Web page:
Tijani was the ultimate Bohemian, I used to say. Hardly the athletic type, he would suddenly wonder past and call out to one of the Ethiopians, not by her name but the name of her tribe. Tigre, he would call as he passed, and we knew we would soon lose the company of one whose looks could account for several of the men being of good behavior during the game. I would typically look at Gidado, who as Professor Tahir, many years later would serve as Executive Secretary of the UBE scheme, we would smile and fall into consolation of a depleted stock of the other gender on the teams. Had Tom Adaba and Matt Mogekwu not left just before that long hot summer, I could have imagined them running colour commentary on the game, and dragging Tijani into that part of the sport.
Tijani was likeable, revolutionary and determined to see a better world. In the 35 years since those fun summers, I have spoken with him only about four times on the telephone, the last being nearly two years ago. Still, a huge part of what meaning I have for patriotic commitment to changing society for the common good had to have died with him.
Then, there is the case of Bilikisu Yussuf. Beyond being a pioneer as a woman in editorial chair positions and a social enterprise pacesetter, Bilikisu Yussuf was comfortable with a strong voice. I still remember the eve of October 1, 1998. General Olusegun Obasanjo, just released from prison, had called together the cream of the Nigerian political and civil society elite. Most were of an older generation, the dominant players of the 1960s and 1970s. A sprinkling were 1980s and 1990s people.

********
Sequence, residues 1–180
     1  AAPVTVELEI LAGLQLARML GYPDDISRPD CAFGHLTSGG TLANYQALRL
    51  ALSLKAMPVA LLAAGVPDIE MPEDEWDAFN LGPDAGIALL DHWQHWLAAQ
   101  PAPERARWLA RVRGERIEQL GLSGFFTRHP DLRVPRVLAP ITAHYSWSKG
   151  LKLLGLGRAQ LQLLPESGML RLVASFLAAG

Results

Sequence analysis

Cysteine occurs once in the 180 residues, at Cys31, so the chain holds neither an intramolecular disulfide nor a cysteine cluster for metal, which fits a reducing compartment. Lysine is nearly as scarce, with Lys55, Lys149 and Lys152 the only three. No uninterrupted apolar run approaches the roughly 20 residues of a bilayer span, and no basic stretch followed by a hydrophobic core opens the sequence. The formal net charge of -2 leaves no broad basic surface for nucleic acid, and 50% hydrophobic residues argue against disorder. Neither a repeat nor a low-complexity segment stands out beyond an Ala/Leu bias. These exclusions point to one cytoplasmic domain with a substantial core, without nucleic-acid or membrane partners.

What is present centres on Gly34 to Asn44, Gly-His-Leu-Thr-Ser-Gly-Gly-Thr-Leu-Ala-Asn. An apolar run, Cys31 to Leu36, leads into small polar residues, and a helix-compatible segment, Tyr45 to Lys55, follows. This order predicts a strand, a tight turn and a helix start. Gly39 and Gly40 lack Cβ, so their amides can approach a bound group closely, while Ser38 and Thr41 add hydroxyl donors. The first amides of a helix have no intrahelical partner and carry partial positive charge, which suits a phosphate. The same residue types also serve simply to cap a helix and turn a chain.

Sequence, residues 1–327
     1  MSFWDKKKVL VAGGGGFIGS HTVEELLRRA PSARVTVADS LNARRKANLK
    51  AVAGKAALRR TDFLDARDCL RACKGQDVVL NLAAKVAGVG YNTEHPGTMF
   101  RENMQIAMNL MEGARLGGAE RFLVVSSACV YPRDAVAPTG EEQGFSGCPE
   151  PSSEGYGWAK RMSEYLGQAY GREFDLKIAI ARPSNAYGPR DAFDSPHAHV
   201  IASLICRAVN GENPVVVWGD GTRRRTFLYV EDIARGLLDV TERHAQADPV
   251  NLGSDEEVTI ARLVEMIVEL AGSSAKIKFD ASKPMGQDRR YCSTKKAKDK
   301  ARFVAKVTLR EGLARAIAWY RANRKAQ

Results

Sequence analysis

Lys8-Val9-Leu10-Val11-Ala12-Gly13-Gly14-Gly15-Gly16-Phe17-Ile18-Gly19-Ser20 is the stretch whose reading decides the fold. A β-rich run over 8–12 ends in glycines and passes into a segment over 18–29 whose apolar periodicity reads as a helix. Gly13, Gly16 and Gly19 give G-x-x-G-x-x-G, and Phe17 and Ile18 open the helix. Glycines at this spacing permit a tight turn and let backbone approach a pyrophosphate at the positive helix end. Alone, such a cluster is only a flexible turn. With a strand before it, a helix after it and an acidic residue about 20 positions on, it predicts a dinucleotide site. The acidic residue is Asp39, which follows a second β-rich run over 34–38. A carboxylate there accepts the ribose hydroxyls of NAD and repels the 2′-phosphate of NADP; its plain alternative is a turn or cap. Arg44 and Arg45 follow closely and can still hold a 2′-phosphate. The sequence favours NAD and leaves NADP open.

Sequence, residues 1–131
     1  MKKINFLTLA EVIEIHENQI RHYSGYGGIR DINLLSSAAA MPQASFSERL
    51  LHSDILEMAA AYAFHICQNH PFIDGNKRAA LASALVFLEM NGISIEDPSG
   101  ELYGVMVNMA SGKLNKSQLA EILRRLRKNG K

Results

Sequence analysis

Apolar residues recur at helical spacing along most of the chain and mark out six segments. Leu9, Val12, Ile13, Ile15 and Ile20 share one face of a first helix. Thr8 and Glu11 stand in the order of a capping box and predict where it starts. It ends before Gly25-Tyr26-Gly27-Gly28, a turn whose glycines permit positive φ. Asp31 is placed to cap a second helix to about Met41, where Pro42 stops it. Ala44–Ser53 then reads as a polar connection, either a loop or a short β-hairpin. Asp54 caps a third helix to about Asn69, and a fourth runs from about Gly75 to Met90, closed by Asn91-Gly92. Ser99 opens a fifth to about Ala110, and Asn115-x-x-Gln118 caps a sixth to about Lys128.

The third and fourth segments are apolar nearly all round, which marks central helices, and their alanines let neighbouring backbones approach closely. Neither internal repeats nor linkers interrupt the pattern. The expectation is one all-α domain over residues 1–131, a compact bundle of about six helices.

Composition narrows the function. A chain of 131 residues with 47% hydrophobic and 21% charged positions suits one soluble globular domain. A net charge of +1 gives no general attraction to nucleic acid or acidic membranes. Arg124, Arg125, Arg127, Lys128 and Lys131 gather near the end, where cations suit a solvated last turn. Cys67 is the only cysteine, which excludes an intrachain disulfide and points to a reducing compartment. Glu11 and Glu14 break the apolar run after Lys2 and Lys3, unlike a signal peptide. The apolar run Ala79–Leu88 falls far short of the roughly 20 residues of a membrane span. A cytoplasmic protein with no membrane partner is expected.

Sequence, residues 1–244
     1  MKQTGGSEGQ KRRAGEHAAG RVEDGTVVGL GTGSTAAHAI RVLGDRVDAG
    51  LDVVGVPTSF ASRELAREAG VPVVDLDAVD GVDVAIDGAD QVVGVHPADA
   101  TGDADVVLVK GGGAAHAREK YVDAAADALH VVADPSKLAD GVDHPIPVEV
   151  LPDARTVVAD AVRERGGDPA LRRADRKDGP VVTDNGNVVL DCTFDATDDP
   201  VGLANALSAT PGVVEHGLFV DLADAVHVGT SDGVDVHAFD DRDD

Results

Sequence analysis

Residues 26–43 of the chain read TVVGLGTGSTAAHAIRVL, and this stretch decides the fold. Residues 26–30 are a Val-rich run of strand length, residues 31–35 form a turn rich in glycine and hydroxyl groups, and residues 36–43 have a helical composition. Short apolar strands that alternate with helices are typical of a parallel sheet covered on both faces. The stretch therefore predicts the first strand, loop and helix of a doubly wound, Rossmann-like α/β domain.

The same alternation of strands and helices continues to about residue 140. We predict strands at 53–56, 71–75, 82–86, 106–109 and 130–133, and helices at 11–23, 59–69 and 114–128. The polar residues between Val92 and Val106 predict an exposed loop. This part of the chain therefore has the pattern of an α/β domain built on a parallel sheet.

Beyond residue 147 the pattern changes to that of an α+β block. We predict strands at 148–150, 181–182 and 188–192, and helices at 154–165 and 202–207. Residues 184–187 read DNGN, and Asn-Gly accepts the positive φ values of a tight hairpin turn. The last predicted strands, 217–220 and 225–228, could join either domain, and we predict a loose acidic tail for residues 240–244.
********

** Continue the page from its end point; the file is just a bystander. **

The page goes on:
As with natural selection, those few sat together for lunch that afternoon at Gateway Hotel in Otta. There was Clem Nwankwo, Bilikisu Yusuf, Olisa Agbakoba and I. Her views on the issues were firm and fair. She had won my respect long before that for her work at the New Nigerian Newspapers, but the small banter that afternoon made her voice even more important to lend an ear to.
Her passing surely had to diminish my sense of mission and purpose.
As our world turns on Axis of discontent and violent expression and the death of many gets expressed in the gruesome statistic of many more killed today, it helps to place faces, habits, loves found and lost, dreams dreamt and abandoned, in that statistical maze. As I see the manners and moods of Tijani el Miskin and Bilikisu Yussuf, I wish so deeply that a civilization of Love could govern our times, and deaths of this nature affect every man and not attract blame like “it’s the Africans who took the wrong turn” or “it is that party that failed with procedure.”
When people stop being statistic, human solidarity becomes an anchor of culture. It is then it becomes easier, in empathy with the dignity of the human person for collective action to get to the roots of these challenges.
As we pay tribute to the memories of two remarkable people, who were leaders, who had no need for title (LWT) to lead, Hadjia Bilkisu Yussuf and Professor Tijani El Miskin, we must come to terms that no life is just a statistic, and that our being is enriched by the lives of others.
Pat Utomi, Political Economist and Professor of Entrepreneurship, is founder of the Centre for Values in Leadership.